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SodaStream International Ltd. Message Board

  • financescience financescience Oct 27, 2013 9:06 AM Flag

    SETH GOLDEN & CAPITAL LADDERS

    Met with soda execs during their "quiet period" right before earnings: this makes both seth golden/capital ladders and soda execs in violation of some major sec rules: this has been reported to the sec

    Sentiment: Strong Sell

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    • I have neither the time nor inclination to explain to you why you are wrong, but you are plainly and fundamentally wrong.

    • Beat it nerd. When is your QQP?

    • One of the investor relations issues that companies often struggle with is the “quiet period.” Here I’m not talking about the SEC mandated quiet period related to IPOs, other public offerings or around the release of lock-up agreements. Those all have defined legal parameters and lines drawn around what companies can and can’t do. I’m referring to the quarterly quiet period – where individual companies determine if, when and how they want to stop talking to the investment community as they approach the end of the quarter.

      The quarterly quiet period is one of those gray areas that investor relations is famous for, and there is certainly no one-size-fits-all approach for companies. The fundamental principle behind the quarterly quiet period (or QQP) is straightforward. At some point around quarter end, management has knowledge of the company’s quarterly performance. So investors start calling in the last two weeks of every quarter and asking “How are things going?” They want to get a read on upcoming results through tone and demeanor. As a result, over time, companies began to institute a quiet period with the Street to avoid taking these calls. Makes sense, right? But how does each company handle its QQP? That’s where things start to get a little fuzzy.

      • 1 Reply to financescience
      • Companies have adopted different QQP approaches because there are no legal mandates. First off, when does it start? Some companies – particularly in the technology space – opted for QQPs to commence two weeks before the quarter ends. The thinking behind this is that they tend to have a hockey stick revenue model where sales are heavily weighted to the end of quarter. Some will say it starts in the last month of the quarter and some at quarter end when their books are finally closed. Others have no clear delineations on timing – it really depends on when management has a good sense of the quarter. For every company that has a QQP, it runs until financial results are finally announced. Practically speaking though, that means some companies may technically be in a quiet period as much as seven weeks or more every quarter, which is cumbersome and can hinder open communications with the Street. That means more than half of the year they can’t talk to investors!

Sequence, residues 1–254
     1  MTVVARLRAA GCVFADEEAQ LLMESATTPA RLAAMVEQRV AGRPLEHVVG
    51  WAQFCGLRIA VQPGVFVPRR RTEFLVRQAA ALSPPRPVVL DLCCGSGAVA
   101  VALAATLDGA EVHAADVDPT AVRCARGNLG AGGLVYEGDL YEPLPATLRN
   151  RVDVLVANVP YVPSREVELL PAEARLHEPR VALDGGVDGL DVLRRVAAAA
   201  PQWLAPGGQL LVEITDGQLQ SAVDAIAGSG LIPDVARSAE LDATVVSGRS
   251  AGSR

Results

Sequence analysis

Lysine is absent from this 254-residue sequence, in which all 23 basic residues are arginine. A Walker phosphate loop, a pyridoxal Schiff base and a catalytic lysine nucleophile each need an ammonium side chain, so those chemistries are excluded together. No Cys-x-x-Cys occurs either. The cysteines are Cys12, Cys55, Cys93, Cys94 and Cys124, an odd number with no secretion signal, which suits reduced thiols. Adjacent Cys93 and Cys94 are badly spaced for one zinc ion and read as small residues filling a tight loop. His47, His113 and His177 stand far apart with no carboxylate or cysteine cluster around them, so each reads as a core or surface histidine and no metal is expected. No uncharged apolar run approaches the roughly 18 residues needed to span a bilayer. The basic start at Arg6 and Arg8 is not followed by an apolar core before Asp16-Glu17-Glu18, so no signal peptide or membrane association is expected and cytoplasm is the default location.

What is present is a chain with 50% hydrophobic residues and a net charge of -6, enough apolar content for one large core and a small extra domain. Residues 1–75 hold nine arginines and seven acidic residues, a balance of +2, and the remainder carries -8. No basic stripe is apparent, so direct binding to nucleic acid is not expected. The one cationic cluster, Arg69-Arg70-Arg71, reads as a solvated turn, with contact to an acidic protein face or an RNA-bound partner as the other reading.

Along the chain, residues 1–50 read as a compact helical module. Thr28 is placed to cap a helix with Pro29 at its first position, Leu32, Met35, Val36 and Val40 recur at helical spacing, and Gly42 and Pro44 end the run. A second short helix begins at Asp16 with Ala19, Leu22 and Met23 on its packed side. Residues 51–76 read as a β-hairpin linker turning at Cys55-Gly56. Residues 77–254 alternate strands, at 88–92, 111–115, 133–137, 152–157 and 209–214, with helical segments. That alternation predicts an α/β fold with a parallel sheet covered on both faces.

The next big question is what does a QQP mean to an individual company? Again, it’s a potpourri of answers. For some companies, it means full radio silence – no conferences, meetings or investor phone calls during that period. The problem with this communications shutdown approach – particularly with small, underfollowed companies – is that it doesn’t curry you any favor with the Street and clearly inhibits your visibility.

    • johnlastnameq@rocketmail.com johnlastnameq Oct 27, 2013 9:19 AM Flag

      i'm sure Seth would say, go right ahead!!

      • 1 Reply to johnlastnameq
      • SodaStream met with Barclay's too so you better add that to the list you GMCR loser! Just because they meet with management DOESN'T mean they divulge any material information you JOKE!!!!!!!!!!!!!!!!!!!!!!!!!!!!!!!!! A GOOD analyst will ask the right questions to draw CONCLSUSIONS!!!!!!!!!!!!!!!!!!!!!!!! I dispise retail losers like this C?HIC!!!!!!!!!!!!!!!!!!!!!!!!!!!!!!!!

 
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